Yesterday morning I set out on what should have been a lovely sunrise run along the sea wall. The beach was on my left side, the park was on my right, and a few fellow early morning enthusiasts shared the path with me. About 15 minutes in, I was just getting into my meditative running groove when suddenly I noticed something that nearly stopped me in my tracks.
It smelled earthy. It sounded like crunch, crunch, crunch – not a chewing-on-a-carrot crunch, but more of a rustling sort of crunch. And it looked like an explosion of red, orange, yellow and green.
And no, it wasn’t tomatoes. But on a side note, can you imagine that? A random encounter with tomatoes during a casual jaunt along the sea wall? It’d be like “boat, boat, boat, crow, boat, boat, TOMATO! Boat, boat, crow, boat boat…”
Can you tell what kind of week I’m having?
The earthy smell, the crunch, and the red, orange and yellow scene that knocked me out of my blissful state was leaves. Not just a couple of leaves. I’m talking a LOT of leaves, on the ground, crunching under my feet. FAR too many leaves for my liking at this time of year.
I know the calendar says it’s August 24th but I flat-out refuse to believe that there is less than a month of summer left. I haven’t consumed anywhere near my seasonal watermelon quota yet, my cherry pitter has only just been getting warmed up, and after having developed a routine of buying cute little locally-grown baby heirloom tomatoes like these ones, there’s no way that the average grocery store tomato is ever going to be able to compare. Stay away, fall, you’re not welcome here yet.
My response to this impending situation? Loading up on as much of summer’s feast as possible. I’m talking TLC Hoarder’s style. Kidding. Sort of.
The Baby Heirloom Tomato, Cucumber and Quinoa Salad I’ve got for you today is evidence that sometimes the simplest of ingredients can make the most delicious of meals. As a kid I couldn’t stand tomatoes unless they were cooked or in the form of ketchup, and I attribute it to the whole crisp-on-the-outside-but-mushy-on-the-inside texture factor. But sun-ripened ones at this time of year? Pure perfection.
Fresh is certainly best in this case, so if you can get your tomatoes, cucumber and herbs from a local market (or better yet, your own garden), you’re well on your way to making a bowl full of magic. Toss in some quinoa, red onion, avocado and a generous sprinkle of flaky sea salt, then douse the whole thing in a simple balsamic vinaigrette….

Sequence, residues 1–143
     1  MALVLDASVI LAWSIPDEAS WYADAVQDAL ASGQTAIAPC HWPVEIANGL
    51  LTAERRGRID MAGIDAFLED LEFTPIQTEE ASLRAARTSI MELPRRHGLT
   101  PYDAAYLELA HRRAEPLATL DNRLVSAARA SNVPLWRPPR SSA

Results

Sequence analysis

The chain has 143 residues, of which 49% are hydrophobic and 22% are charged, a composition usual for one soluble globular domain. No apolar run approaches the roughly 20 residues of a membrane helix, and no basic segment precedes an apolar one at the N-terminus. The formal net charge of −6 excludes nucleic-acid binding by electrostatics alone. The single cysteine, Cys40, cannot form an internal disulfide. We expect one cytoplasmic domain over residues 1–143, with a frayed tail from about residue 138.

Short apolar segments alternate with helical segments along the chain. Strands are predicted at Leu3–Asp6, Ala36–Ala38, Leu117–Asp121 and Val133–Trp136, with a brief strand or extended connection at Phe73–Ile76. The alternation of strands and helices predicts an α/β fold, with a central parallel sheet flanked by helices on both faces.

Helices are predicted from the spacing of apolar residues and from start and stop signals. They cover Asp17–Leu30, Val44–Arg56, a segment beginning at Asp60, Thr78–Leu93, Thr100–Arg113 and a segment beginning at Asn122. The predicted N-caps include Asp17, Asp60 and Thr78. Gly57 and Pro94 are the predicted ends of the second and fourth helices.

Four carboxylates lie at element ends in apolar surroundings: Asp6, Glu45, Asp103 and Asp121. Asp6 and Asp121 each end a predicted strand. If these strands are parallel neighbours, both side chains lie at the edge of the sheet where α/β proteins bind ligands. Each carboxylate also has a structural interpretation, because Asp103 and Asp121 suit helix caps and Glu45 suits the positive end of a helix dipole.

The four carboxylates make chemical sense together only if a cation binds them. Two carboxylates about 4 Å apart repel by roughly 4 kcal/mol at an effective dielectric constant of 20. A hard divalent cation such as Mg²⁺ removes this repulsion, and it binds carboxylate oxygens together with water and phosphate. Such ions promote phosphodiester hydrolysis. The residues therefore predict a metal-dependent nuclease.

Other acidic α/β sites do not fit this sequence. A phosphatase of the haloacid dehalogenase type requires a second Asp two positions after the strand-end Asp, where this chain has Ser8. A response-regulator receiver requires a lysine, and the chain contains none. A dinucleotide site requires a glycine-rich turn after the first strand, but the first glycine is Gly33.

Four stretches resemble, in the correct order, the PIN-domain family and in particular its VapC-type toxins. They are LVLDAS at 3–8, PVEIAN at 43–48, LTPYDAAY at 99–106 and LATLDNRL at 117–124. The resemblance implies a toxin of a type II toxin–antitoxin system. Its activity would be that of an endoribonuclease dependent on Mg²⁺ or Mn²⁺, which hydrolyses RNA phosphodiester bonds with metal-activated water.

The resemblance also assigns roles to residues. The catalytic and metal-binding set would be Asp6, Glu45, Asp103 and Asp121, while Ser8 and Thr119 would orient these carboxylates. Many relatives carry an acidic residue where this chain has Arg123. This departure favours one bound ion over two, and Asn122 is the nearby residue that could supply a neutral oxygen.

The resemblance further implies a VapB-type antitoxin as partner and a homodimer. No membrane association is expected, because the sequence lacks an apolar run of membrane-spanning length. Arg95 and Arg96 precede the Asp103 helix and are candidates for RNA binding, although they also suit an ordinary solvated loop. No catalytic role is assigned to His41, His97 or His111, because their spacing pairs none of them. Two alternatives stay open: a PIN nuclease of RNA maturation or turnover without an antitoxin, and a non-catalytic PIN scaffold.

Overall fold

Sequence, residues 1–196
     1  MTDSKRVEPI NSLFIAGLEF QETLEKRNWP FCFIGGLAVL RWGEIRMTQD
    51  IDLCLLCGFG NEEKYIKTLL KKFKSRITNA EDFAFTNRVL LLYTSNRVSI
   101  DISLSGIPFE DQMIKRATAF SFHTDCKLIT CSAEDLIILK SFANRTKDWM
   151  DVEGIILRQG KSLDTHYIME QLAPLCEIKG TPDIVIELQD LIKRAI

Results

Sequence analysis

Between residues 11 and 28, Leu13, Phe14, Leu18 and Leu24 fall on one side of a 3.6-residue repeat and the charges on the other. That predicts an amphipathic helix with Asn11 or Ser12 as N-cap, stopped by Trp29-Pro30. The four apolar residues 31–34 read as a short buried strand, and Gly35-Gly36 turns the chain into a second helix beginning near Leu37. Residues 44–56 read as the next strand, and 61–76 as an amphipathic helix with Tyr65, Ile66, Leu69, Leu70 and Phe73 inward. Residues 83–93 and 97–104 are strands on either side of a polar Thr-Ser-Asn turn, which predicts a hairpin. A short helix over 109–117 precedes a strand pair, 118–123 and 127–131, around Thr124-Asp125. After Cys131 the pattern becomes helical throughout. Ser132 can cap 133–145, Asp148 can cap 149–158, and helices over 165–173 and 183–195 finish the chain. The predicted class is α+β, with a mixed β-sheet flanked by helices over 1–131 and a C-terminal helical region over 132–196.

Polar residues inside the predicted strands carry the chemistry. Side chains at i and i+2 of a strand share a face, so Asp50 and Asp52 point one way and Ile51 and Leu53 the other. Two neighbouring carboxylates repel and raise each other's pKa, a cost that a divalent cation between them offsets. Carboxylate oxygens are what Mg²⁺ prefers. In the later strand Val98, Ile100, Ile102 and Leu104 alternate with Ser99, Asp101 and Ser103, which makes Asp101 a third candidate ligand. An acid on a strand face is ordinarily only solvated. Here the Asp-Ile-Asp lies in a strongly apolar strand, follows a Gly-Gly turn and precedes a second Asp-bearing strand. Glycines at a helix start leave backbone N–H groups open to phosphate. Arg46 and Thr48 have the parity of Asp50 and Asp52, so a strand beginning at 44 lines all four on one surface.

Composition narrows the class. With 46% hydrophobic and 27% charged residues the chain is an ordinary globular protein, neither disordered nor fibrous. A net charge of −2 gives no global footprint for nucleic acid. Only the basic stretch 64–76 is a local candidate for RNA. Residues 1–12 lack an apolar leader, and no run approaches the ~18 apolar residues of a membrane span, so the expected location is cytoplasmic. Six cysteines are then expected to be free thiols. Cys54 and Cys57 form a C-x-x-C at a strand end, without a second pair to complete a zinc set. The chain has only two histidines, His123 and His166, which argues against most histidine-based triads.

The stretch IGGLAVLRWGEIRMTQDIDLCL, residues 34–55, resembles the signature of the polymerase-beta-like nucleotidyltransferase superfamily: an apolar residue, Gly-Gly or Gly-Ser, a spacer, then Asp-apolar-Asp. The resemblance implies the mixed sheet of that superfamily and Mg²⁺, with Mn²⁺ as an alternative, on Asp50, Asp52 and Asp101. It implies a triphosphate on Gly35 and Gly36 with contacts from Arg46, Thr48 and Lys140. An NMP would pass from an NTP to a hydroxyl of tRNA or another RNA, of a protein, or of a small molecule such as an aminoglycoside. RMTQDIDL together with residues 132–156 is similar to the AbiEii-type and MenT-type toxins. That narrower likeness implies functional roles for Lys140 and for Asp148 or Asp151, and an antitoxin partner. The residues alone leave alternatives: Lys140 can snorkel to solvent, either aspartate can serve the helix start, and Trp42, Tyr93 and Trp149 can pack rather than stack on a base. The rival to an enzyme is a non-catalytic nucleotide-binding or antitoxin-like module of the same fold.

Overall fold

Baby Heirloom Tomato, Cucumber and Quinoa Salad
Prep Time: 15 mins
Cook Time: 15 mins
Ingredients (2 servings)
- 1/3 cup uncooked quinoa
- 1 1/2 cups mixed heirloom or baby tomatoes
- 1 medium English cucumber, thinly sliced
- 1 packed tbsp each shredded fresh basil, parsley and mint
- 1 cup loosely packed sunflower sprouts or pea shoots
- 1/4 cup thinly sliced red onion
- flaked sea salt and freshly ground black pepper, to taste
- 1 tbsp hemp seeds
- 1/2 avocado, pitted, peeled and sliced
- 2 eggs, hard boiled, peeled and halved
Balsamic vinaigrette (you will have lots leftover):
- 1 cup balsamic vinegar
- 2/3 cup extra virgin olive oil
- 1 tbsp dried mixed herbs (such as parsley, basil and oregano)
- 1 tbsp dijon mustard
- 1 clove finely minced or pressed garlic
- sea salt and black pepper, to taste
Boil the quinoa in 1 1/3 cups of water on the stove for 12-14 minutes or until most liquid is absorbed and the grains are puffy. Drain any excess water, then transfer it to a bowl and let it chill in the fridge.
Meanwhile, shake up all the ingredients for the dressing in a jar or bottle, or if you prefer, blend them all together in your blender.
Prepare all of the vegetables as indicated above. In a large bowl, toss the tomatoes, cucumber, fresh herbs and sunflower sprouts with the chilled quinoa and a few tablespoons of dressing. Season to taste with flaked sea salt and pepper, then let it sit for a few minutes to let the flavours develop.
Divide the salad between two bowls, topping with sliced avocado, a sprinkle of hemp seeds and the boiled eggs. Serve with extra dressing on the side if desired.
So tell me…
- What seasonal fruit or vegetable do you miss most when summer ends?